The original story was published in htxt.africa on 18 November 2016. Written by Nick Cowen. View the original article here.
Although many of us carry a touchscreen computer in our pockets – an everyday occurrence that, around 10 years ago, would’ve seemed like science fiction – many of us still have an eye on the future.
Where, we ask, is our flying car? Where is our teleportation device? Heck, at this stage, where are our robots like Rosy from The Jettsons or Robby from Lost In Space? Where’s R2-D2, dammit?
Instead, we’re expected to make do with autonomous cleaning robots or the likes of Siri and Cortana, who aren’t exactly setting our world alight. Our robots, in short, could be better – and according to Evan Wheeler, Chief Technology Officer, UNICEF Global Innovation Centre, they may well be on their way to being so. We just have to get over our inherent fear of them.
The Second Chatbot Revolution
According to Wheeler, it’s an exciting time for bot creators and users. We’re in the middle of what he calls the second chatbot revolution. The first occurred at the turn of the century – you may remember Ask Jeeves – and then the bottom fell out of the .com boom. VC money dried up precipitating the AI winter.
The challenge facing many developers, Wheeler says, isn’t the lack of input or tech available to developers. It’s the fact that human beings inherently mistrust bots – and by extension, AI and robots – the closer they begin resemble humans.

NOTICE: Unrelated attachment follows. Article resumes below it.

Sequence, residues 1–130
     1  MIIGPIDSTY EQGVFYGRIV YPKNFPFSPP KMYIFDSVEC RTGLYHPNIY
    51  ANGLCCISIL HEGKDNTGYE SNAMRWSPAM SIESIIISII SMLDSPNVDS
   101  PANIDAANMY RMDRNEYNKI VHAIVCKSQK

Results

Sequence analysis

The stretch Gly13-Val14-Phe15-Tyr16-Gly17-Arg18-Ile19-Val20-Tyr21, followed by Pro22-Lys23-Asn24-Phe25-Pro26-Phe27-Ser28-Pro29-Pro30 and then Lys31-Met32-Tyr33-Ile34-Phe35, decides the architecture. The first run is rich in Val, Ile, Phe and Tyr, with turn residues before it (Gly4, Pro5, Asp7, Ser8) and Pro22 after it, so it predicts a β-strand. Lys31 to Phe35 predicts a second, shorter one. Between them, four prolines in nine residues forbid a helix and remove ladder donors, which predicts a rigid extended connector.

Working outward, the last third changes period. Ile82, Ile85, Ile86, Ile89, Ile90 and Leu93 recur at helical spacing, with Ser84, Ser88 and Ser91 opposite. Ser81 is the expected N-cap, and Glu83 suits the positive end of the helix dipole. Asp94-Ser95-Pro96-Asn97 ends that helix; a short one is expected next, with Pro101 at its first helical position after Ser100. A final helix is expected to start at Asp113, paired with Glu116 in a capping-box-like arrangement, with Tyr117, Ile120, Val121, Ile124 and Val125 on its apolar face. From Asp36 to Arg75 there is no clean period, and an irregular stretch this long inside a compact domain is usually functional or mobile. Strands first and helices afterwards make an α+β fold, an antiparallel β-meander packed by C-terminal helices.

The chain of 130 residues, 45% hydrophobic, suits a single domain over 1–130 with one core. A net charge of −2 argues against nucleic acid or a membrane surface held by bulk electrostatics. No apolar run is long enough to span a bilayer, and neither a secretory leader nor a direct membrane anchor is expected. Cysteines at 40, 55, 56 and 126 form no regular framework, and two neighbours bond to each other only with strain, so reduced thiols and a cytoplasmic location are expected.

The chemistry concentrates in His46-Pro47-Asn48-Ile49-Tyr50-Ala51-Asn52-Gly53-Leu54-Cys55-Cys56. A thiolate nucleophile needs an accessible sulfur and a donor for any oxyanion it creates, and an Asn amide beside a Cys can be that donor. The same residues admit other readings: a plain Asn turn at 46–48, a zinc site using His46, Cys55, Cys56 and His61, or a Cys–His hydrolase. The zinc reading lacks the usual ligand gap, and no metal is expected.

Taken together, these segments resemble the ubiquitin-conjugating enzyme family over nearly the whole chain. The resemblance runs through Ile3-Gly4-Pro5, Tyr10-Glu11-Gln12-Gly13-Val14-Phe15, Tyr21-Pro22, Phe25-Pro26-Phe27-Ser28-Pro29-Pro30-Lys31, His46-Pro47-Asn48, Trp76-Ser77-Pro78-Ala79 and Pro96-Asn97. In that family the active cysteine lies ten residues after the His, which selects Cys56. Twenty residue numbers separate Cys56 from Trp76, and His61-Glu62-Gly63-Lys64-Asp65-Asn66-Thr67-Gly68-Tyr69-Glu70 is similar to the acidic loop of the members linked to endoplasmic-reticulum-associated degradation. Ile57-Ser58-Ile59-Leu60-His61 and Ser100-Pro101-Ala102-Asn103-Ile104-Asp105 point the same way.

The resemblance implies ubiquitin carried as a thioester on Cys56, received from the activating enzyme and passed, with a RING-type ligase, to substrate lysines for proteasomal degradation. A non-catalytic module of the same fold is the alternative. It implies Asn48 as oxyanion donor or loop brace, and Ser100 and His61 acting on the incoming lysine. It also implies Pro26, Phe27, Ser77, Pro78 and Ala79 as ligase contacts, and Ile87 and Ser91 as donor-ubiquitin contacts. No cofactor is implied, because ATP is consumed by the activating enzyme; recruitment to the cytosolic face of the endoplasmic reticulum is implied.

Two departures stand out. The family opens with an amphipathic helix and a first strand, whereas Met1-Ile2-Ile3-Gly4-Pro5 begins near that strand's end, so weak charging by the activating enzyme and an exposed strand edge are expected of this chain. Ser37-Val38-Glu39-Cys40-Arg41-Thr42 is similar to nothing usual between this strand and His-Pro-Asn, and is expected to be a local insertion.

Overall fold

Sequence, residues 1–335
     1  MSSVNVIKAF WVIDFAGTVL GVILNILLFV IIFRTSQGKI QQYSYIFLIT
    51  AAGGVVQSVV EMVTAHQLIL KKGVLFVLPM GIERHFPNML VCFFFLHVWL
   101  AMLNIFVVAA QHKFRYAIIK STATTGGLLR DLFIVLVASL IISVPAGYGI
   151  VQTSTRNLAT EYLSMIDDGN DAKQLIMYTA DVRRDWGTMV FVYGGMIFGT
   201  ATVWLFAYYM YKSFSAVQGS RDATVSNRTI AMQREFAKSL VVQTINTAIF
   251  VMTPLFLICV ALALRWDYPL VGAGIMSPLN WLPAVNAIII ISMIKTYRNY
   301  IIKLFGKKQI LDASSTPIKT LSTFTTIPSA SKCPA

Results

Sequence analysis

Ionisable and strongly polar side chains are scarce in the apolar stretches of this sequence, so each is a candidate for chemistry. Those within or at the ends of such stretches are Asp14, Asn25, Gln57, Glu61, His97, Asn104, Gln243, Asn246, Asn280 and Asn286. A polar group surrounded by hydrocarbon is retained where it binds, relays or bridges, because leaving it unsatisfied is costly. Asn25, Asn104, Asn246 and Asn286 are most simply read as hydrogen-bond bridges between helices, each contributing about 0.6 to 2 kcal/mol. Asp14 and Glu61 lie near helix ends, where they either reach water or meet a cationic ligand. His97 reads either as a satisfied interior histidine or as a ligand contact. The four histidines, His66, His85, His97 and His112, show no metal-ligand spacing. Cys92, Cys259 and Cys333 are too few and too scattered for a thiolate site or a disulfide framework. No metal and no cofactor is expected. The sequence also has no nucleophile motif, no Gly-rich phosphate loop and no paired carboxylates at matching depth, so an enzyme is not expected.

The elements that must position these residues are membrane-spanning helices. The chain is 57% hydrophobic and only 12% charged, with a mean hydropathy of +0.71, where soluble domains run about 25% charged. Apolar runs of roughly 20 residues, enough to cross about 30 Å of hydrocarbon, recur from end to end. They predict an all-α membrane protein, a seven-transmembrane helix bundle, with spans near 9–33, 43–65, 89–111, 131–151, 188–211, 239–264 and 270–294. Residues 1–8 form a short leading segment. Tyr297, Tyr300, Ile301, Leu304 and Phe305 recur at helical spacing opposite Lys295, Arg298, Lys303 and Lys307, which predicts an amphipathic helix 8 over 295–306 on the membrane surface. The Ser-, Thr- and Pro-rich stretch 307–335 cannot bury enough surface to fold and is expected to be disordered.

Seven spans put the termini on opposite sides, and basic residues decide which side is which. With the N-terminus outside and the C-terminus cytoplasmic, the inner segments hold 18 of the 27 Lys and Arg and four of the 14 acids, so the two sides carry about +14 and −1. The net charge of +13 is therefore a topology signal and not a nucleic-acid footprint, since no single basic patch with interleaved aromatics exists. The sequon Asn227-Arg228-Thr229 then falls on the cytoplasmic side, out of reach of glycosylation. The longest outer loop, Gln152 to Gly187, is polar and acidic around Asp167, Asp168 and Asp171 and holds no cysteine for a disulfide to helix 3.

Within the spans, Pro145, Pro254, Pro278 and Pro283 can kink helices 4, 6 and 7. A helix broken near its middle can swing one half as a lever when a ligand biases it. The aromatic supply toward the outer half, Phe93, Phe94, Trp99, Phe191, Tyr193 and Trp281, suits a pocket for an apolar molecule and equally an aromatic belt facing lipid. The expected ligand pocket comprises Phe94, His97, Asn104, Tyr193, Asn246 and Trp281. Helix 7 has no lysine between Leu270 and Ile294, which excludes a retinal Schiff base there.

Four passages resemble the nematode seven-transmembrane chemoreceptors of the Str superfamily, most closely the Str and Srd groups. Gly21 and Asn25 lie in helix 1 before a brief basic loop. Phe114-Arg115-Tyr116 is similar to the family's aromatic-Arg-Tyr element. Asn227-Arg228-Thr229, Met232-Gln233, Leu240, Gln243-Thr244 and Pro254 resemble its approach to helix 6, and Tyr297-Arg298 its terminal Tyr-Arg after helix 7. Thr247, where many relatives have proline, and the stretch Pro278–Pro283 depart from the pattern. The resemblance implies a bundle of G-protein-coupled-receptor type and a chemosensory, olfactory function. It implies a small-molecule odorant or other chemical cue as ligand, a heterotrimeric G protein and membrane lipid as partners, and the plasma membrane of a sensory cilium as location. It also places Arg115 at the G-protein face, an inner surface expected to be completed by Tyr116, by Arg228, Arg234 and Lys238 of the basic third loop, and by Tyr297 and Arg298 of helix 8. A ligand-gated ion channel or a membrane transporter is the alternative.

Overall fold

The Uncanny Valley
The Uncanny Valley is a term that was first coined by roboticist Masahiro Mori and it’s used to explain the revulsion or mistrust humans feel towards entities that are close to but not quite human – which may explain why some people have a fear of zombies or clowns, for example. We feel neutral towards robots that look nothing like us like say, assembly robots at a car plant or silver screen droids like R2-D2 and Wall-E.
But a robot like Sophia, made by Hanson Robotics sets our nerves on end. Wheeler says that a robot like Sophia plonks us deep into the uncanny valley; humans pick up on qualities that are out of place and our evaluation is unfavourable. In short, Sophia freaks us out and we don’t trust it.
So what has all of this got to do with the chatbot revolution? Well, Wheeler says that a current trend in development is to try to create bots that ape human responses – not just in terms of information passed from the bot to a human, but in terms of tone. The problem arises when the bot’s mimicry veers to close to the real thing – expressing say, sarcasm or sympathy. In these instances, human’s act inherently negatively to things that look or sound like us; we don’t trust them and we try to get away from them.
In short, we feel that when something tries to ape us we feel it is trying to trick us.
Acceptance through Discoverability
Wheeler says that the process of whether human interaction with technology becomes successful is called Discoverability – it’s basically how humans figure out how to use tech.